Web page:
In the PCR looking at urgent and emergency care during autumn 2020, we heard about changes to pathways to reduce the pressure and demand on emergency department attendance and hospital admission. For example, some health and care systems established 24-hour mental health crisis lines to support people with urgent mental health needs away from a hospital setting if this was clinically appropriate. Also, some primary and community care services made the decision to provide urgent care in people’s own homes rather than asking them to attend an urgent care service, as they considered this a safer option.
The NHS 2021/22 priorities document set out the request to every local system to set out their plans to accelerate the rollout of the two-hour crisis community health response at home (8am-8pm, seven days a week) by April 2022. Systems have also been asked to progress work already underway to promote the use of NHS 111 as a primary route into all urgent care services.
Keeping older and frail people safe
We saw during our provider collaboration review of urgent and emergency care how the community assessment and treatment centres (CATUs) in Cornwall brought together multi-disciplinary teams that were closer to people’s homes. With a focus on frailty, geriatricians were moved from acute sites into the CATUs to support keeping older and frail people out of hospital during the pandemic. This approach was developed before the pandemic, but then accelerated, as a long-term way of caring for older and frail people. It was welcomed by system partners and the model is being explored by neighbouring systems.
Collaboration makes a difference
Health and social care providers have been operating in different conditions during the pandemic. At the start, NHS England took on extensive powers normally held by clinical commissioning groups (CCGs) – this enabled the purchase of services from the private sector and powers to exercise CCG functions to support the provision of services across the NHS.
Representative organisations, think tanks and other bodies – for example The King’s Fund and NHS England – have pointed to the way collaborative approaches have allowed commissioners to share ownership of challenges and responsibility for service improvement, with a focus on cooperation and collective leadership, as well as joint ownership of risk and accountability among commissioners and providers.
Integrated care systems, bringing together commissioners and providers of health and social care services with local authorities and other partners, intend to offer a more strategic outcomes-based approach to care. The pandemic has sped up some of this collaboration, strengthened relationships between system partners, and provided the opportunity for peer support and the sharing of resources.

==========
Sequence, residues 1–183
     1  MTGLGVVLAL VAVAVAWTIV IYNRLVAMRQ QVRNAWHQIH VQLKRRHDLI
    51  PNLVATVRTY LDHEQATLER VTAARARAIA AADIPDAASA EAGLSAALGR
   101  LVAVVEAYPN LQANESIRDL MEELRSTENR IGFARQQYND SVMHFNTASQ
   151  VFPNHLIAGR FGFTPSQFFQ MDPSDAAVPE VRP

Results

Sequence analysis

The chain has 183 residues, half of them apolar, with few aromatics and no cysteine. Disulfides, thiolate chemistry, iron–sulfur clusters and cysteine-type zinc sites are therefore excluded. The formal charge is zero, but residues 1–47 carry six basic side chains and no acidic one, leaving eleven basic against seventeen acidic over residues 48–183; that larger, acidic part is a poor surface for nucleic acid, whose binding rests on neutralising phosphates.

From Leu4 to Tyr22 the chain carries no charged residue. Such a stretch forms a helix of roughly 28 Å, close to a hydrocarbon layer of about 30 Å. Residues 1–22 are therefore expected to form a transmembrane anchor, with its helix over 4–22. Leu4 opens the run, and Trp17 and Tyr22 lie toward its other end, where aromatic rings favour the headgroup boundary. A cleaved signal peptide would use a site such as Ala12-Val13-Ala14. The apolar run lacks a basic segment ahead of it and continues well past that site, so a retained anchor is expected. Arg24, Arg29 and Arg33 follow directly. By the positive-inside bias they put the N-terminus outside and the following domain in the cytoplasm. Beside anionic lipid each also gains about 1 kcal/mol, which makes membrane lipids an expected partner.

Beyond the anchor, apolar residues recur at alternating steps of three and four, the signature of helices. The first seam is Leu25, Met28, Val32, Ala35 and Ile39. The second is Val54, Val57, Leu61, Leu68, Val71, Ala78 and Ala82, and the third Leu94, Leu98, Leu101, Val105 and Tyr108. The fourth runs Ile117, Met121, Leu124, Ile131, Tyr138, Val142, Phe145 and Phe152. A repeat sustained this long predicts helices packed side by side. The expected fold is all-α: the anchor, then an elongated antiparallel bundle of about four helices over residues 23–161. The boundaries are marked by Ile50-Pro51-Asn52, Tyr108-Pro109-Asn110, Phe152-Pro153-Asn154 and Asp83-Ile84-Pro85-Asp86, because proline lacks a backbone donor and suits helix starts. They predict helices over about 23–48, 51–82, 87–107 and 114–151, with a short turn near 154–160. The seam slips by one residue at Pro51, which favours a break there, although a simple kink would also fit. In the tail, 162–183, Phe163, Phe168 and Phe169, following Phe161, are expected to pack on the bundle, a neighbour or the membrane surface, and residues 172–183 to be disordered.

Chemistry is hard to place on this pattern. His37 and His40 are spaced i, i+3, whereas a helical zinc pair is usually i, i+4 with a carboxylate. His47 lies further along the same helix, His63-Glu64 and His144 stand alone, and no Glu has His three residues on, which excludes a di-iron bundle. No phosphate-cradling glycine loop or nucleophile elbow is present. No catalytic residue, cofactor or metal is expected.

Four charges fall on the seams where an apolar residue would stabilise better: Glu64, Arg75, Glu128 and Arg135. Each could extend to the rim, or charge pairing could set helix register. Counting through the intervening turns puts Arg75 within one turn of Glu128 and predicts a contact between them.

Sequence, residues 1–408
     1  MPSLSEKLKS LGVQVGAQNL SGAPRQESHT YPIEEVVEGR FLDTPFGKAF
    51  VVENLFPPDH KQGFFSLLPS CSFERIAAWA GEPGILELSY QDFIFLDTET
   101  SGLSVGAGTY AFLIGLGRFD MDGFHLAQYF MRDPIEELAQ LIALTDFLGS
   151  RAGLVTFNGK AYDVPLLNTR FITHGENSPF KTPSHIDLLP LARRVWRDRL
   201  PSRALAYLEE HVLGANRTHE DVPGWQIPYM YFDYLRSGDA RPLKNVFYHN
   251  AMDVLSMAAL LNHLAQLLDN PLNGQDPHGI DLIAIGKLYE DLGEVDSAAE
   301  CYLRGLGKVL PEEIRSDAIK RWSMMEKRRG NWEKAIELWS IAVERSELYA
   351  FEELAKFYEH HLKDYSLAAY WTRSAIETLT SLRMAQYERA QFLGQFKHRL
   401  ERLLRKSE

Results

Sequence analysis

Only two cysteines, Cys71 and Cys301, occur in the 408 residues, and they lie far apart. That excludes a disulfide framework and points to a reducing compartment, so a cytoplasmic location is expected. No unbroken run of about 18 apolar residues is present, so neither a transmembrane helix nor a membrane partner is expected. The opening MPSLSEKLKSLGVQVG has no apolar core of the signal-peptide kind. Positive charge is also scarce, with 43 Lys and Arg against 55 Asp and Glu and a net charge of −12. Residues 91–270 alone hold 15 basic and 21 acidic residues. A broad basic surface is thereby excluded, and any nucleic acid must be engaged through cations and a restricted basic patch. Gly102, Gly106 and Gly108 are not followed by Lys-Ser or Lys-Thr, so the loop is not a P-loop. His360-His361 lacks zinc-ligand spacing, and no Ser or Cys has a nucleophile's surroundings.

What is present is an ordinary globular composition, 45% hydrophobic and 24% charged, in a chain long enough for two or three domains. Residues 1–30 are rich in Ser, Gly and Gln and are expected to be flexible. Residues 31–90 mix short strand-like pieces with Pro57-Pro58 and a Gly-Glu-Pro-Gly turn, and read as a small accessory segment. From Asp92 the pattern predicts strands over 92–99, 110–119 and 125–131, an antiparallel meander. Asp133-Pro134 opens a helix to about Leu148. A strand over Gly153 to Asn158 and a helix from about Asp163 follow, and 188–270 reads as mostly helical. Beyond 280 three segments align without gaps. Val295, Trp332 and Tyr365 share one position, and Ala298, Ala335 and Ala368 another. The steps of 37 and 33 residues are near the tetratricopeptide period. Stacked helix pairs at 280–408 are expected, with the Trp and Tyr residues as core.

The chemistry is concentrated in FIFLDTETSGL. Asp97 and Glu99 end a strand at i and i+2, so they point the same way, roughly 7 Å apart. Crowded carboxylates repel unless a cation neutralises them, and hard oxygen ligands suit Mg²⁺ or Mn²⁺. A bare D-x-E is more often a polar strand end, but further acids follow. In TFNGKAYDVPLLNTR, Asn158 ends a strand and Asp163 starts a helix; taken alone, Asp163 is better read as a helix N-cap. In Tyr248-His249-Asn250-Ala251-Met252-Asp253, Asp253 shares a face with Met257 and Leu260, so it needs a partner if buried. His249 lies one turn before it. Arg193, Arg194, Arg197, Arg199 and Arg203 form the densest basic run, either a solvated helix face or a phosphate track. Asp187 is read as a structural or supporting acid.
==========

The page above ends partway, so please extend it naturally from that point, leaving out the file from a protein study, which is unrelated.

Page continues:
We saw in some systems that where collaborative relationships already existed,they remained strong in the pandemic. Some systems had established efficient system-working before the pandemic – this then helped them in their timely response as they were able to build on existing structures and relationships. Similarly, the Local Government Association reported that a shared purpose has resulted in stronger relationships both within and across organisations in local places during the pandemic.
Cross-sector working was helped by good communication, information sharing and shared values – it was acknowledged that this enabled better outcomes for people.
Among the systems we reviewed in our report on cancer services, a priority was maintaining personalised care for people. There were multidisciplinary team meetings and system-wide calls to plan and deliver cancer services collaboratively.
System partners worked together, includinghospices, adult social care providers, mental health providers, the voluntary sector, local authorities and NHS trusts.For example, we heard about a hospice that worked in collaboration with the local authority to enable cancer care inthe community. They also worked with GPs and district nurses to develop training and provided medicines administration training to families and carers.
In one local system, expectant mothers with a learning disability were supported through aplanned multi-agency approach. They were given an enhanced package of care including hospital passports – andthey had pre-birth tracking meetings attended by public health, midwifery and a learning disability team.
However, collaborative working was varied among the systems we reviewed. Where we found less collaboration among services, we heard concerns about the effect this had on providers’ ability to plan for care that might be needed in local populations.